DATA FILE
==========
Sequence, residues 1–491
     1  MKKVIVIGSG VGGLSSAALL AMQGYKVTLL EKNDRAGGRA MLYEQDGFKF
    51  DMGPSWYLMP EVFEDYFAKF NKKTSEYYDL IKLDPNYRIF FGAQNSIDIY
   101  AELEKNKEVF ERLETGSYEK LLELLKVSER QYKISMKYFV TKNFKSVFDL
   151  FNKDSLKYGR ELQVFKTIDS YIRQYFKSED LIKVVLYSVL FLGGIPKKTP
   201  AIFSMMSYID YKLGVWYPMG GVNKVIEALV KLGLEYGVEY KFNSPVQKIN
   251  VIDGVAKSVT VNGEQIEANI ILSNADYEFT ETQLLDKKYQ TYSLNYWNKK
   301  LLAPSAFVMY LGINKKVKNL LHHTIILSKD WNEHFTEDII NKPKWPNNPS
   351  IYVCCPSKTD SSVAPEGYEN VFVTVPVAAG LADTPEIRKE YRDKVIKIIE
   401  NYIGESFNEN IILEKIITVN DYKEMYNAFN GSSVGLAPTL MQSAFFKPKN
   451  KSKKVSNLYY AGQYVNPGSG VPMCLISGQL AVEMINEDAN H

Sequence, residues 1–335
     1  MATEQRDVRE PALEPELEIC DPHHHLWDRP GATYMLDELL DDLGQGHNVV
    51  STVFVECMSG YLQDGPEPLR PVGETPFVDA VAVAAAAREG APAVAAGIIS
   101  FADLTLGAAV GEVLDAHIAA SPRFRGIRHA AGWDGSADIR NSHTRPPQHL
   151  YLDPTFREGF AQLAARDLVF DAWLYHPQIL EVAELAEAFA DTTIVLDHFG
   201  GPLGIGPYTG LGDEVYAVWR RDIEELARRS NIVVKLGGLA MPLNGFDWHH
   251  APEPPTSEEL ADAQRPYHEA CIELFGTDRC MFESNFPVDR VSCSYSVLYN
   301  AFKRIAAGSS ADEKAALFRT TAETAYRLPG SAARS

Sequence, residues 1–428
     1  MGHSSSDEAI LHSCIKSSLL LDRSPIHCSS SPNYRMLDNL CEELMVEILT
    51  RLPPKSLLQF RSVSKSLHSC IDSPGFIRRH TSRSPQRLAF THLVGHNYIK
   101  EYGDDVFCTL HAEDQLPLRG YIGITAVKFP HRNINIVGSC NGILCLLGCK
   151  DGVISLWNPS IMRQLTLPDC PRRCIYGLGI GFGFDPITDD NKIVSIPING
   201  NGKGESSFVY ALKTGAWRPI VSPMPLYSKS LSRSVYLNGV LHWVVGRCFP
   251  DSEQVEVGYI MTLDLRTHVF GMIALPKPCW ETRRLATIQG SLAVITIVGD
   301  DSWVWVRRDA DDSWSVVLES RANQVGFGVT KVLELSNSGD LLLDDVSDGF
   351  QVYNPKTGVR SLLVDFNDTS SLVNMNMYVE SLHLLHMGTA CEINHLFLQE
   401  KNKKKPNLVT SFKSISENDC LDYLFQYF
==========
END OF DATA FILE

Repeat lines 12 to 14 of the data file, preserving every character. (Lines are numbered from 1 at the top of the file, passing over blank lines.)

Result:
Sequence, residues 1–335
     1  MATEQRDVRE PALEPELEIC DPHHHLWDRP GATYMLDELL DDLGQGHNVV
    51  STVFVECMSG YLQDGPEPLR PVGETPFVDA VAVAAAAREG APAVAAGIIS